Now what you have is that you’ve removed this wedge, but it’s actually, you’ve got two kind of cuts here, but that actually, since it’s free now, this piece is loose. We can slide it up. So we slide it up and now it’s in a new position where it’s removed the stress and strain and it’s actually come back a little bit because we have to move it in this direction, obviously, put it back together. So now you’ve basically effectively removed that part of the bone. You’ve now shortened it and you moved it away from the ground.

So why is that important? Well, we talked about this in the beginning. So, when you shorten it decreases the amount of stretch in the plantar plate ligament and when you dorsiflex it, which means move up toward the top of the foot and away from the ground, that removes some of the stress and strain to the plantar plate ligament. So, although we may not have proof that that’s what caused your trouble, many times when the doctors recommend this procedure, they’re assuming that because the bone tilts down toward the ground and it was maybe too long, or maybe it had too much pressure on it, based on the way that we analyze the condition of your foot, the calluses on your foot, the wear pattern on your shoes, that sort of stuff. We assume you have “too much pressure” on that bone. So we want to move it away from the ground to decrease some of the pressure on the ground to that bone and the plantar plate ligament at the same time.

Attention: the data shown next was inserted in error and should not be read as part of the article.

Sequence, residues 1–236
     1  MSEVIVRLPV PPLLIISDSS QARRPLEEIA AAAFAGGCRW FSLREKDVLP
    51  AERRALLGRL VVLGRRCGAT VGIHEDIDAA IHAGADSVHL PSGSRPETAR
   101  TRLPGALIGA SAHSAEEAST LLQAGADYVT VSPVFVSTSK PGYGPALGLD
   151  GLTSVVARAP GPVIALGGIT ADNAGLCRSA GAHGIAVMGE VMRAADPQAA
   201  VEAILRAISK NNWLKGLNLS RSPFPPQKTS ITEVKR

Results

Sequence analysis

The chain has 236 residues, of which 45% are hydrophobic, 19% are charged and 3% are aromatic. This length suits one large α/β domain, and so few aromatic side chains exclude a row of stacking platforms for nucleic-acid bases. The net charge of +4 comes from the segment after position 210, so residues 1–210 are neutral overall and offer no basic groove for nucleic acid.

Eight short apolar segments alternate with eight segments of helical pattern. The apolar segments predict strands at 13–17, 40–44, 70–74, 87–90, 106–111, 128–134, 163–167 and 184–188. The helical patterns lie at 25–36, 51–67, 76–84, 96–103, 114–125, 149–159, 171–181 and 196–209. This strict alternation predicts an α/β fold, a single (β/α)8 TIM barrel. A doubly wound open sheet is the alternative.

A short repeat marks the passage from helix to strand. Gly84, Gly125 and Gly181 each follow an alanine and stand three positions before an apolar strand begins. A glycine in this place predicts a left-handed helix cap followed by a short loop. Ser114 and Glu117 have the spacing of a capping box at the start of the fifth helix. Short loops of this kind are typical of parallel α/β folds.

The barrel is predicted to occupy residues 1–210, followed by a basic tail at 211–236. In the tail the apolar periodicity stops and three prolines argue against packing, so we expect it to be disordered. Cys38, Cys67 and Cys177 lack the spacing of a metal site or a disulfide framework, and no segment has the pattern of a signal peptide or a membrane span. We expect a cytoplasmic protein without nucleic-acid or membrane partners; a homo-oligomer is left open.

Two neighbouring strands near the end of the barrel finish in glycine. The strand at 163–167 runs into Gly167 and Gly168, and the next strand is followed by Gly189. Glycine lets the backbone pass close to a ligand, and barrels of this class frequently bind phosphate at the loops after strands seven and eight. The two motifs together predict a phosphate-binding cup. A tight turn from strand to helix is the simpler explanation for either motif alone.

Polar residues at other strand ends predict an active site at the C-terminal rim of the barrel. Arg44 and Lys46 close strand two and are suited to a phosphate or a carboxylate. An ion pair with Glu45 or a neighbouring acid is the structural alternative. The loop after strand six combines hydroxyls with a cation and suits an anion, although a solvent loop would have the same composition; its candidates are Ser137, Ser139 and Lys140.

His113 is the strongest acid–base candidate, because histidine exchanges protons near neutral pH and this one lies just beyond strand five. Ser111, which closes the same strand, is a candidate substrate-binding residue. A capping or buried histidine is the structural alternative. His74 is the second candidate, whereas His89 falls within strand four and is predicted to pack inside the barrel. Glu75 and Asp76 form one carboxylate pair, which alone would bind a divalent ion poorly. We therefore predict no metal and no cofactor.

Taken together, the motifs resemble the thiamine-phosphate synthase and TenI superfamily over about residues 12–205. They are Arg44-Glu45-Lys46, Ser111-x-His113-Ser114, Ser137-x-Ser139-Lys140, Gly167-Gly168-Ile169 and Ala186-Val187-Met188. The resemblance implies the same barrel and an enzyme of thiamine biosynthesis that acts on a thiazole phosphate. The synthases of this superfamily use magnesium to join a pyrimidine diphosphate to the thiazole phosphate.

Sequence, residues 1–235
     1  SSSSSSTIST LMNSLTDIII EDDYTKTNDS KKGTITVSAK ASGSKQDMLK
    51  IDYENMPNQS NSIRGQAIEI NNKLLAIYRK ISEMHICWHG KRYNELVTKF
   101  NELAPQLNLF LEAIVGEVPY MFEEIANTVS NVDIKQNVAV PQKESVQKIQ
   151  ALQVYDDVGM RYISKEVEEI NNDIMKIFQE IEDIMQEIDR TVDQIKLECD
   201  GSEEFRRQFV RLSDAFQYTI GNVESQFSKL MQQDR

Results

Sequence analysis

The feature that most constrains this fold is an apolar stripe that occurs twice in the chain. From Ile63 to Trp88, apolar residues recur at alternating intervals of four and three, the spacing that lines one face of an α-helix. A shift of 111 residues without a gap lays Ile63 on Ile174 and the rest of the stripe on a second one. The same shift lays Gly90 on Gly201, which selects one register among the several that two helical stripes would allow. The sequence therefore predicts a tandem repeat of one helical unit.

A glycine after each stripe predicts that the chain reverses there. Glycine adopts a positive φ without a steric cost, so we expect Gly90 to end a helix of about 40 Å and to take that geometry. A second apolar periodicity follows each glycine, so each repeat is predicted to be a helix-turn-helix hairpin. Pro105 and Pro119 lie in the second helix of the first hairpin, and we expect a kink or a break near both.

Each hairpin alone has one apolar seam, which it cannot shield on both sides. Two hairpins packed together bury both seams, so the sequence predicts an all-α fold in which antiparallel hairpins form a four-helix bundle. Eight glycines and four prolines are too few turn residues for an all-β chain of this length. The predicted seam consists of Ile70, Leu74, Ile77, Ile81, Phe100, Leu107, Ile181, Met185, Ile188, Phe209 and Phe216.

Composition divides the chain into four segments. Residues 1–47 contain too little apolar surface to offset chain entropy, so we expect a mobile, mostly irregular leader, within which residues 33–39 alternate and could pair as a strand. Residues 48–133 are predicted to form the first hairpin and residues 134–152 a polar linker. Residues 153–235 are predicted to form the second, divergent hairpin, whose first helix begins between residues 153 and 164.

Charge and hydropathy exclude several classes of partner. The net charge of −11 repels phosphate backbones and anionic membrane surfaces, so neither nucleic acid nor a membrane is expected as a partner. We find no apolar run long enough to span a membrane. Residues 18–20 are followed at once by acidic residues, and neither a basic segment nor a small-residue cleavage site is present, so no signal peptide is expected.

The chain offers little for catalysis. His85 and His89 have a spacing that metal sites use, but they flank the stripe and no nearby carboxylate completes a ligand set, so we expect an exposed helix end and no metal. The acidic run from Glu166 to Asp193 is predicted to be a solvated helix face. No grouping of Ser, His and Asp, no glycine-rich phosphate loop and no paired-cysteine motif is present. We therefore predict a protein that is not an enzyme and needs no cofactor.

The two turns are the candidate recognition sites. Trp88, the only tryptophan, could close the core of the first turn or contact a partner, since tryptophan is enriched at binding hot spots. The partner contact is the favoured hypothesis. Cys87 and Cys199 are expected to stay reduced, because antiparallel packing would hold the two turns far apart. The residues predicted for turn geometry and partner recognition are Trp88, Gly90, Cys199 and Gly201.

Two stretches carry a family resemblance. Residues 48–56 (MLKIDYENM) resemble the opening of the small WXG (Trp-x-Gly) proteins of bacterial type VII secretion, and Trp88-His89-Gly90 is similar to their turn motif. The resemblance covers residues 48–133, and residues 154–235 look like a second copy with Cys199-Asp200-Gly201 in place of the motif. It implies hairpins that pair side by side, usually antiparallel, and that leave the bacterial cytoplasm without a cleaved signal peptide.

Those are basically the three procedures and the basics of those procedures. But if you’re considering surgery, you really want to ask the doctor lots of questions and make sure you know which one of these procedures you’re having before you schedule a second opinion. So, you should definitely get a second opinion before you have surgery, but it’s very valuable if you can compare what the doctor tells you in the second opinion to the first opinion, but over and over patients call me and they’ll say, “I saw a doctor. She said I have to have surgery. I want to know if I have said surgery?” I say what did she say she would do? And they say, “Well, I don’t know some kind of surgery to fix it.”

Well, the fix is very different, depending upon which combination of, not just these three procedures, but the whole four groups of procedures you could have to actually address it. So make sure you understand which procedure you’re going to have, whether or not you’re going to have one of these osteotomy or bone cut procedures on the second metatarsal.

That will really help you understand whether or not it’s a good idea and if it’s necessary for you. So check it out. If you found this valuable, if you like this instruction and you think it helped you understand it better, send it to somebody, share it, like it, do something so that it actually increases our ratings and helps other people find these demonstrations as well. So, thanks for watching and I’ll see you in the next training.